With this ALCC project, researchers will use DOE supercomputers to leverage existing organizational relationships, scalable data sources, and unique algorithms to develop nation-scale building energy use models.
There are approximately 124 million residential and commercial buildings in the U.S. consuming $395 billion/year in energy bills. DOE’s Building Technologies Office (BTO) has the overarching goal to reduce energy use intensity (EUI) 30% by 2030 compared to a 2010 baseline. Despite building energy modeling’s ability to identify Energy Conservation Measures (ECMs) with less than 1-year simple payback and Scout-based savings of 2.4 Quads, modeling suffers from the high transaction costs necessary to create, refine, understand, and effectively utilize a building energy model.
DOE’s Office of Electricity (OE) has established the Grid Modernization Laboratory Consortium (GMLC) with the aim of making the nation’s electricity grid more resilient as a foundational infrastructure supporting the nation’s security, economy, and modern way of life. This resilience is facilitated by achievements in energy storage to handle the challenges of decentralized generation and the mismatch with time of use, and capabilities toward dispatching load to match generation via intelligent buildings and devices.
Buildings consume 73% of the nation’s electricity, approximately 80% during peak generation. BTO has established the Grid-interactive Efficient Buildings (GEB) initiative to help make buildings smarter regarding the amount and timing of energy use as an additional value proposition to energy efficiency. BTO and OE/GMLC have co-funded the “Virtual EPB” project which has created a digital twin of 178,368 buildings, empirically validated the virtual utility’s energy use with 15-minute from every building [in partnership with the Electric Power Board of Chattanooga, TN (EPB)], simulated nine monetization scenarios to quantify energy efficiency impacts on utilities and their ratepayers, and integrated results into EPB’s operational business systems to quantify the sub-hourly, building-specific energy, demand, emissions, and cost impacts.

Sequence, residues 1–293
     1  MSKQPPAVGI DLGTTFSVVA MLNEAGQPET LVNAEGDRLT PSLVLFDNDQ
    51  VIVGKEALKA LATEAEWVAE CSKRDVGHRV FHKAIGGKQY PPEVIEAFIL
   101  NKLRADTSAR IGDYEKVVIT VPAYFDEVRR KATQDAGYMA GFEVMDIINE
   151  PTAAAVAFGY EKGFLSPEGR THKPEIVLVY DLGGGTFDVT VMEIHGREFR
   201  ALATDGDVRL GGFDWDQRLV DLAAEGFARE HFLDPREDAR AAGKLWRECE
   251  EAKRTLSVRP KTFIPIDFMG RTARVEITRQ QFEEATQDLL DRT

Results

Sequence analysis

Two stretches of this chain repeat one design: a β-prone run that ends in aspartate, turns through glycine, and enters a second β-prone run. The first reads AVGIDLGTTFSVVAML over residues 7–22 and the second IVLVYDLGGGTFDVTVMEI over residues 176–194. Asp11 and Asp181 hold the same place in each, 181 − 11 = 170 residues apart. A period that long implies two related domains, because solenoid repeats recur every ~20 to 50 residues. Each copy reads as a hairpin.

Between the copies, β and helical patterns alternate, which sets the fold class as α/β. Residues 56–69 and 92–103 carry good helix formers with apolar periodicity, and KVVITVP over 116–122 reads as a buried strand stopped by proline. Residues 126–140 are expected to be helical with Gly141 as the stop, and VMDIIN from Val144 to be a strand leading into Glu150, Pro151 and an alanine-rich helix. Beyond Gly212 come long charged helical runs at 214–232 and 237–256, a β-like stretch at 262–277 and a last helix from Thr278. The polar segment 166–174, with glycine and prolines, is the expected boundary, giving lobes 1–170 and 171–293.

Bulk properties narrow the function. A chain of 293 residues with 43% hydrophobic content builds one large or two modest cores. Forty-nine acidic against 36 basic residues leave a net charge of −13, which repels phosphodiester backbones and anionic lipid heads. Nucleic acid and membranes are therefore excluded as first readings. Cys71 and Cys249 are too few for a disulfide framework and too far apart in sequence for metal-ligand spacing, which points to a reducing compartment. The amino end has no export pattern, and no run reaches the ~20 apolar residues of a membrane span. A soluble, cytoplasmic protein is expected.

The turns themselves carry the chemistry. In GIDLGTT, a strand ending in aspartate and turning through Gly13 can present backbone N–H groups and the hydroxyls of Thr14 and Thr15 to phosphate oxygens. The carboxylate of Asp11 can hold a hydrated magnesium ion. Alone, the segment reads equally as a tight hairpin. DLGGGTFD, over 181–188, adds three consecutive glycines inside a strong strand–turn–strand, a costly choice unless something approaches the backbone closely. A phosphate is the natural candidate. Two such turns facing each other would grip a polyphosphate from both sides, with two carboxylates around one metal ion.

The Virtual EPB project continues to extend several software capabilities detailing the data sources and algorithms referred to as Automatic Building detection and Energy Model creation (AutoBEM). This suite of software tools mine imagery (satellite, aerial, and street-level), LiDAR, cartographic data, tax assessor’s data, and building code assumptions with algorithms and engineering heuristics for assigning building-specific footprint, height, age, type, occupancy, window-to-wall ratio, and other simulation input parameters. The team’s AutoSIM software was developed on world-class high-performance computing machines and demonstrated as the world’s fastest building energy simulator on OLCF’s Jaguar and Titan systems. Once building energy models are created for an area of interest, AutoSIM uses DOE’s flagship whole-building simulation engine EnergyPlus to simulate energy and demand as a function of building use and weather, along with impact of energy efficient technologies.
With this ALCC project, the researchers will use DOE supercomputers to leverage existing organizational relationships, scalable data sources, and unique algorithms to attempt, for the first time, nation-scale building energy use models. The team is currently working with companies to make the resulting building energy models and analysis free and publicly available to stimulate private sector activity towards more grid-aware energy efficiency alternatives for the built environment.